Note to bullies: Find someone smaller, weaker or otherwise unable to respond effectively. But make sure you pick the right victim. You may be surprised.

Start with a woman. Women tend to be more vulnerable. She should also be young – perhaps a schoolgirl – inexperienced, unable to stand up to you. It helps if she’s a foreigner. And has a disability. And is smaller than you. But don’t go it alone; pile on, as bullies do. That should do it. Bully away!

I’ve even got a candidate. Last year in August, at 15, she started skipping school Fridays to sit on cold cobblestones outside the Swedish parliament inside the Arctic Circle. A lone waif with sad, downcast eyes, she hunkered beside her hand-lettered sign: “Skolstrejk for Klimatet” – School strike for the Climate.

You may have heard of her: Greta Thunberg. She’s no longer alone. Her crusade against climate change inspired an estimated four million people in 161 countries to participate last month in history’s largest climate change demonstration. A year ago, she addressed the UN Climate Change Conference. Now 16, she spoke In January to the World Economic Forum. Her most recent address was last month at the UN Climate Action Summit.

Since then her momentum has been building, and so have the attacks. Out crept the bullies, knives whetted and drawn.

“If it were about science,” sneered a Fox commentator, “it would be led by scientists rather than … a mentally ill Swedish child … exploited by her parents and by the international left.” Fox later apologized to Thunberg.

Rather than “mentally ill,” Thunberg has been diagnosed with Asperger’s syndrome and has embraced it as a “superpower.” She has called the condition a “gift” and credited it with sparking her activism.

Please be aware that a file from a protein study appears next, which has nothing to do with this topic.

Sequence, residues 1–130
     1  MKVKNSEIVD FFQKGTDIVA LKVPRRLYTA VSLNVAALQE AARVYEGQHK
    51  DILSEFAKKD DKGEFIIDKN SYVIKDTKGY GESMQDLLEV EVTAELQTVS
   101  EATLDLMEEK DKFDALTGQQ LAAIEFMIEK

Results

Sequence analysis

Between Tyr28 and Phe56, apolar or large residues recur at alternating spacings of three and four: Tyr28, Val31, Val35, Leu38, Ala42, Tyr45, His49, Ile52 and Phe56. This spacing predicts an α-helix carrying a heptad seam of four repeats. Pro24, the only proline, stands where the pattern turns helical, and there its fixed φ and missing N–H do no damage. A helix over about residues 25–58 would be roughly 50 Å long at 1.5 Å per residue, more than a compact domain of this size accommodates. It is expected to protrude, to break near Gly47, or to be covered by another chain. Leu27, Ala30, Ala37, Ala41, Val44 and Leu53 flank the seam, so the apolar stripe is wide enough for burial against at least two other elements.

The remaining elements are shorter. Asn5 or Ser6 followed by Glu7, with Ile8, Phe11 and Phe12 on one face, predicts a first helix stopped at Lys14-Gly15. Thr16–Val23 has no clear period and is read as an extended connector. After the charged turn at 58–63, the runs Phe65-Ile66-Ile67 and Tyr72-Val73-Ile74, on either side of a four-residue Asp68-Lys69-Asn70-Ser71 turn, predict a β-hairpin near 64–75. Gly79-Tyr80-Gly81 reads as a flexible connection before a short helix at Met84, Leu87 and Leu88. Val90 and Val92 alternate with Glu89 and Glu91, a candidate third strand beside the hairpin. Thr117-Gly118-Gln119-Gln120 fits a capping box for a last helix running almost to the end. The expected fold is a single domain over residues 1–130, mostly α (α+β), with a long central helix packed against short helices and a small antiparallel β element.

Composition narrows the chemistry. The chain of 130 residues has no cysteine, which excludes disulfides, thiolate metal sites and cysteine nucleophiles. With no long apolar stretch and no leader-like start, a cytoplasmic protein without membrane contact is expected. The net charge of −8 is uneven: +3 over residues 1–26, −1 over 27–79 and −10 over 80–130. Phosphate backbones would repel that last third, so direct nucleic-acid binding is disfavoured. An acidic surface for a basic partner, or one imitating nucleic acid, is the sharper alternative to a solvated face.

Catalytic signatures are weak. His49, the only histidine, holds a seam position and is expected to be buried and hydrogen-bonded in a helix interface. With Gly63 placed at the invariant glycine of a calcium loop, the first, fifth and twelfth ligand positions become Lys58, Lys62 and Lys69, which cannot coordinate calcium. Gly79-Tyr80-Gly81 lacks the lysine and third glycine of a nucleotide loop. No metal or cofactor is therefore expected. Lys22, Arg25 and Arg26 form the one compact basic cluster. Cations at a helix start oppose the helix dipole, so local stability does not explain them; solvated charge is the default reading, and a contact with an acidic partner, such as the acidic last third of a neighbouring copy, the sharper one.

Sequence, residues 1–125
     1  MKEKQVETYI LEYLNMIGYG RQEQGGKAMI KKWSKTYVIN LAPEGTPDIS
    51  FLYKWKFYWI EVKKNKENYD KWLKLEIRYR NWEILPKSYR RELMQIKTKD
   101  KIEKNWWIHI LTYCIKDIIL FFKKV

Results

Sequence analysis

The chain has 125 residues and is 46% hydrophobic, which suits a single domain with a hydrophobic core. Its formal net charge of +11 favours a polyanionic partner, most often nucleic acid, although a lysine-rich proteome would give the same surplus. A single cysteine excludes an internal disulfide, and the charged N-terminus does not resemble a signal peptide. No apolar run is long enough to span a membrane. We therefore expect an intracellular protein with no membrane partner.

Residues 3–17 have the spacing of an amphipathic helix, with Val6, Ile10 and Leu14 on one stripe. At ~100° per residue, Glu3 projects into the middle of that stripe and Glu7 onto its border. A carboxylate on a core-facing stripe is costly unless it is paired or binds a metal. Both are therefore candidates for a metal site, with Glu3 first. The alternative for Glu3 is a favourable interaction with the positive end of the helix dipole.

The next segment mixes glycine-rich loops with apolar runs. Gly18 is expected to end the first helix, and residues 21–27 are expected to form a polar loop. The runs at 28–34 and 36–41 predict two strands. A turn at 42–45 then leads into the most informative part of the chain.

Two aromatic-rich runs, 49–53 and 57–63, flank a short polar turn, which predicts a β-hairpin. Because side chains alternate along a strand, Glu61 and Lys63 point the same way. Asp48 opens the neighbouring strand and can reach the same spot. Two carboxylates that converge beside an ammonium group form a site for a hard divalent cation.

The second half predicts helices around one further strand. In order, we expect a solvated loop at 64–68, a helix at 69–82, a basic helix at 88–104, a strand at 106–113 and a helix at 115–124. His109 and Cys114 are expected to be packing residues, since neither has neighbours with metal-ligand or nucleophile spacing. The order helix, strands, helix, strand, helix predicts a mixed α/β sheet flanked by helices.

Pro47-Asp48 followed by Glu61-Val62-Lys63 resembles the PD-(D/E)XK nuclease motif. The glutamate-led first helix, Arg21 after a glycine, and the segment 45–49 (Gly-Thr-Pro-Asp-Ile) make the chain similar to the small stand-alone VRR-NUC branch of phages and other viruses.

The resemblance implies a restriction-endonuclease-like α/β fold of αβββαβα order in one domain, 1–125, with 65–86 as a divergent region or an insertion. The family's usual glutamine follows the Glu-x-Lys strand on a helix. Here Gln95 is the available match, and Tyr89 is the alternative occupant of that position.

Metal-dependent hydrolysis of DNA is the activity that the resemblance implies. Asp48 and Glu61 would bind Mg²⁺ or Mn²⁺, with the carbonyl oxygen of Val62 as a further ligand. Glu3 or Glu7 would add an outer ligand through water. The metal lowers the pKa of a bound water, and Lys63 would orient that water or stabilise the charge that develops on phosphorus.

A Breitbart columnist tweeted, “I can’t tell if Greta needs a spanking or a psychological intervention.” The Washington Post reporter on the story added, “if you’re in the mood to be unsettled,” search for “Thunberg” and “spanking” and “see how many middle-aged men are eager to corporally punish a teenage girl.”

A Guardian cartoon nailed it: “So many old white men (and their clenched friends) freaking out about this tiny Swedish climate demon.” Another source offered a “Greta Thunberg Help Line” for “adults angry at a child,” with a photo captioned: “Hi, I’m a middle-aged man with an embarrassing problem.”

Two researchers explained the stereotypical labels deployed by critics to undermine Thunberg’s call to action. “Greta Thunberg obviously scares some men silly,” they wrote. “The bullying of the teenager by conservative middle-aged men has taken on a grim, almost hysterical edge. And some of them are reaching deep into the misogynist’s playbook to divert focus from her message.”

It’s not accidental, they commented, “that these critics almost always call her a child” and accuse her of “emotionality, hysteria, mental disturbance, and an inability to think for herself – stereotypically feminine labels … traditionally used to silence women’s public speech and undermine their authority.”

Last Friday, when Thunberg spoke in Iowa City, Iowa, a high school teacher was put on administrative leave after commenting online: “Don’t have my sniper rifle.”

Bullies are alive and well. Thunberg was mocked by two old white male climate-denying world leaders. But she has strong defenders.

One British columnist observed, “The bile thrown at Greta Thunberg is motivated by one thing alone: this incredibly intelligent, eloquent, and compassionate 16-year-old has terrified some of the most hateful and reactionary so-called ‘grown ups’ on earth. She’s achieved more at 16 than they ever will.”

As if to illustrate, Thunberg posted, with wit and flair, “When haters go after your looks and differences, it means they have nowhere left to go. And then you know you’re winning.”

Pete Haug’s eclectic interests and several careers drew him across the U.S. and into China with his wife, and sometimes draconian editor, Jolie. They retired south of Colfax. You can reach him

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